Best-known today for the role played by tanks, Cambrai saw infantry, aircraft, artillery and even cavalry working together in new ways.

At 6.20am on 20 November 1917, British Empire forces launched an attack against the formidable German defences at Cambrai. They achieved a stunning success and church bells rang in celebration, but it was to prove short-lived.

German reinforcements were rushed in, and on 30 November they launched fierce counter-attacks, driving the British Army back towards its starting lines. By the end of the battle in early December 1917, more than 80,000 servicemen on both sides were dead, wounded or missing.

Best-known today for the role played by tanks, Cambrai saw infantry, aircraft, artillery and even cavalry working together in new ways. These technological and tactical innovations would eventually prove decisive on the Western Front.

Today, the cemeteries of the CWGC are lasting monuments to those who fought and died here.

Background

In September 1916, during the Battle of the Somme, the British Army used a new weapon. The ‘land ship’ was designed to crush barbed wire and traverse the killing ground between the front lines. It soon became known by its code name: ‘tank’.

It was hoped that tanks would break the deadlock of trench warfare on the Western Front, but their impact in 1916 and 1917 had been limited. They were slow, mechanically unreliable, often became bogged down in mud, and crews had to endure terrible heat and fumes.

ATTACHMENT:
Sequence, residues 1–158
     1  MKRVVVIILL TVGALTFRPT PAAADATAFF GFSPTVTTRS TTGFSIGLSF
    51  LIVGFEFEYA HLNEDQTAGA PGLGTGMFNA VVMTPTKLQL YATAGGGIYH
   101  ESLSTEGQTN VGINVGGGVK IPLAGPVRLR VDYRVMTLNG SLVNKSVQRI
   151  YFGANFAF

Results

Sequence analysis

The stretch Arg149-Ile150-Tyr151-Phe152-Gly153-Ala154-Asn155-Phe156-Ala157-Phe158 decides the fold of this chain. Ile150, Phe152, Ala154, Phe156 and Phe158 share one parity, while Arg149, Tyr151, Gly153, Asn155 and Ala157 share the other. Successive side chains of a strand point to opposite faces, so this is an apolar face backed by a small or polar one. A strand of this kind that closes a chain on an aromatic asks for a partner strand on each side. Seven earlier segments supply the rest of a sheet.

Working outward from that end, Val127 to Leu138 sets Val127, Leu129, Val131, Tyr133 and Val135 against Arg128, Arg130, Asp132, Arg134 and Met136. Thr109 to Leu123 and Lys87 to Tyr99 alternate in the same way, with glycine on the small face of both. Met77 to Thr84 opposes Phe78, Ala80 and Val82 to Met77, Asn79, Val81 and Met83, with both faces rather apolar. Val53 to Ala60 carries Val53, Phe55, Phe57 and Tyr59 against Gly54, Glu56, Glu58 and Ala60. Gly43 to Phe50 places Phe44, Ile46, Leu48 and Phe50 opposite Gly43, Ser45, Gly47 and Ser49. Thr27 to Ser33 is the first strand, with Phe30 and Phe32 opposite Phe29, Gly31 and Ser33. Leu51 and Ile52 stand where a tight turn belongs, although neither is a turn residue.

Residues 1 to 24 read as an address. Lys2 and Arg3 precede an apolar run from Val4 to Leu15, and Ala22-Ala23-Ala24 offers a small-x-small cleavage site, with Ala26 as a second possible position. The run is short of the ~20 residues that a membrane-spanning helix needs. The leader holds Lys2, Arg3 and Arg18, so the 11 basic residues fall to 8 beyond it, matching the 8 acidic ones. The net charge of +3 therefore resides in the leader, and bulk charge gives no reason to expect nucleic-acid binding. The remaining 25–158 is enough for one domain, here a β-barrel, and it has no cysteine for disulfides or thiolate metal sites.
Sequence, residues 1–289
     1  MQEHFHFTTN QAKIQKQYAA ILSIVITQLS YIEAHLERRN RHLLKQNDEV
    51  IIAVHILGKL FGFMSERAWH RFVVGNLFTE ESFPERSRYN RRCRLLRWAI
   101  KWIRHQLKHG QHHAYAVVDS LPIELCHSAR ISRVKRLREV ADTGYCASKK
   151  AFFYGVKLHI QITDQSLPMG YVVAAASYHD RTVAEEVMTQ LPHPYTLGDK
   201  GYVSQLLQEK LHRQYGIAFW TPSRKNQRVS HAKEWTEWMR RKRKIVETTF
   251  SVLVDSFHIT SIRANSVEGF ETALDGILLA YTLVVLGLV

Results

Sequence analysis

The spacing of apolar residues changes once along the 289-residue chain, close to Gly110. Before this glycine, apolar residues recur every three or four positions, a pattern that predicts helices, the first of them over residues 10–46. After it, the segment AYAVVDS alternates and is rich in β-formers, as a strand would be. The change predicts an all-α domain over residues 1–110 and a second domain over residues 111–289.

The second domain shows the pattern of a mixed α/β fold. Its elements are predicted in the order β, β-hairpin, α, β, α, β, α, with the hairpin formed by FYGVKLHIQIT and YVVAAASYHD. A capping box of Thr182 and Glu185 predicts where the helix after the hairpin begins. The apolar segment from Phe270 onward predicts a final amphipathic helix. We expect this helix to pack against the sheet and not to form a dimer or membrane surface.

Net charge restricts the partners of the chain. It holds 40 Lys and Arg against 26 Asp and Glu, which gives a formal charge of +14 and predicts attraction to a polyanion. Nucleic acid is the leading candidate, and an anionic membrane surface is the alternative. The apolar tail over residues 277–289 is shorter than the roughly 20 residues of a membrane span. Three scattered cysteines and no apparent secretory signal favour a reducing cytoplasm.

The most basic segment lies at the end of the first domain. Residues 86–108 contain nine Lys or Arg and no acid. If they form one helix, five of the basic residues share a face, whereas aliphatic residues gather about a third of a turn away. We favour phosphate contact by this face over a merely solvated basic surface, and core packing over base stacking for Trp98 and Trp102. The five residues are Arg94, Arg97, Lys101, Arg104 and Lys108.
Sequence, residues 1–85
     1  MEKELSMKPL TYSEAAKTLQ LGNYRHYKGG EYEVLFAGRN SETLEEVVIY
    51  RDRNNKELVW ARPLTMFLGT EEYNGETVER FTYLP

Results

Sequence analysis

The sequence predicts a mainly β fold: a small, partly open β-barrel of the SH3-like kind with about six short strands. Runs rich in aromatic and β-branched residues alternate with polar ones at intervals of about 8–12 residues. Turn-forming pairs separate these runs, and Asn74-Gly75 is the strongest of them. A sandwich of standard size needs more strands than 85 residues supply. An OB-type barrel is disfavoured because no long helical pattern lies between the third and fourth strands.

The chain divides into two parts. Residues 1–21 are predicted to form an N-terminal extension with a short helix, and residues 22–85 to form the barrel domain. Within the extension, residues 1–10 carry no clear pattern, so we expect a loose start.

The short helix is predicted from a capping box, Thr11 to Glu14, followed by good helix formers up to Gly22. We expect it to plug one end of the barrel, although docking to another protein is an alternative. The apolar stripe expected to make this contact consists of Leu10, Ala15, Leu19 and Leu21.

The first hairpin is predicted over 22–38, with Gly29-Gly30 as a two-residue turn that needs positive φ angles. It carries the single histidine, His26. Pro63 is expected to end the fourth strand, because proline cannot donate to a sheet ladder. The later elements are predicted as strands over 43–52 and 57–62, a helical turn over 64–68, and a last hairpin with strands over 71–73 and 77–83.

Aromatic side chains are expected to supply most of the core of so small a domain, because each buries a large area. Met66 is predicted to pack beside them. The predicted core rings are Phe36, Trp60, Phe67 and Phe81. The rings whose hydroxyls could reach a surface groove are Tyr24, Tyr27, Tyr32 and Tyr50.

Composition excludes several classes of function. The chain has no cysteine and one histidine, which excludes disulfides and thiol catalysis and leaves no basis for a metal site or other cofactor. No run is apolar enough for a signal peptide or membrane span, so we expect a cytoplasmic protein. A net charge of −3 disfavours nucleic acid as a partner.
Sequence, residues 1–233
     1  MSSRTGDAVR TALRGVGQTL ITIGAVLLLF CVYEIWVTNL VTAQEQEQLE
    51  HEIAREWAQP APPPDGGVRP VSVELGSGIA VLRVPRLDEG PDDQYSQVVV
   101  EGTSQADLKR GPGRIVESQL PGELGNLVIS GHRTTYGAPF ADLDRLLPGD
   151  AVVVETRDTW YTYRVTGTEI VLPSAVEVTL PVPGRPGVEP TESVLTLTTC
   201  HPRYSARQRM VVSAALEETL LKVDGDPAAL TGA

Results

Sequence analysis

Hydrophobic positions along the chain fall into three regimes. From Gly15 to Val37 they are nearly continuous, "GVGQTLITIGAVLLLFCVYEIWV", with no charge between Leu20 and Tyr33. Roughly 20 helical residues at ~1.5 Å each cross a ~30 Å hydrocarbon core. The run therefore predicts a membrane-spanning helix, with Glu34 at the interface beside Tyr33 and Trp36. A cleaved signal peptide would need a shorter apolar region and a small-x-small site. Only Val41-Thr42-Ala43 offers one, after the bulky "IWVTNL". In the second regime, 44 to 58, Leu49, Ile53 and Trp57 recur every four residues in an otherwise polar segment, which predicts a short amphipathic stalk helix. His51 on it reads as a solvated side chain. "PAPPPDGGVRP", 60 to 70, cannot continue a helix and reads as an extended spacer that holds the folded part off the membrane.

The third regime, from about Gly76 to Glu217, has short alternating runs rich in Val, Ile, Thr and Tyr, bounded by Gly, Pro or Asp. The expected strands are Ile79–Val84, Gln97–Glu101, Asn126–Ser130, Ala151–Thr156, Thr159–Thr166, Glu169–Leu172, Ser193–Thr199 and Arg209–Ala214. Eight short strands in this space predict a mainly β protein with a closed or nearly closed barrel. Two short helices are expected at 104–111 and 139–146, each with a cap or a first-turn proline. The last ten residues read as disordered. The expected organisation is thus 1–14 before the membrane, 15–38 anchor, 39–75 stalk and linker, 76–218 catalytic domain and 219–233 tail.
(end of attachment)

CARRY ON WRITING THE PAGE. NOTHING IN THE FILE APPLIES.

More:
In August 1917, the commander of the newly formed Tank Corps, Brigadier General Hugh Elles, proposed an operation to prove the ability of his tanks. He suggested an assault across the gently rolling chalk plains of Picardy, near the French town of Cambrai, an important railway hub. There had been little fighting here and the ground was not broken up by thousands of muddy shell holes. The Germans had heavily fortified the area and did not expect an attack. Their troops here included understrength units recovering from fighting elsewhere on the Western Front.

To support the British tank attack, artillery guns would fire a brief but highly accurate and ferocious bombardment moments before the assault. This would preserve the good ground conditions and, crucially, the element of surprise. In great secrecy, and under the cover of darkness, nearly 500 tanks, 1,000 guns, eight infantry and five cavalry divisions were massed at Cambrai. They included units from across Great Britain and the Empire: from Yorkshire and Scotland, to Newfoundland and India. Zero hour was set for 6.20am on 20 November 1917.

British Mark IV Female and Male Tanks of 'C' Battalion, including 'Crusty' and 'Centaur II' Nov 1917 Q 46941

British Mark IV Female and Male Tanks of 'C' Battalion, including 'Crusty' and 'Centaur II' November 1917. IWM Q 46941

The Battle

Thick fog had settled over the lines and German lookouts had no warning of the impending attack. At zero hour, the British guns opened fire and the tanks advanced. Brigadier General Elles led the attack himself from his tank, named Hilda, flying the new green, red and brown flag of the Tank Corps, designed by Elles himself. The German front line was quickly overrun and the tanks continued on, punching deep into the German defences.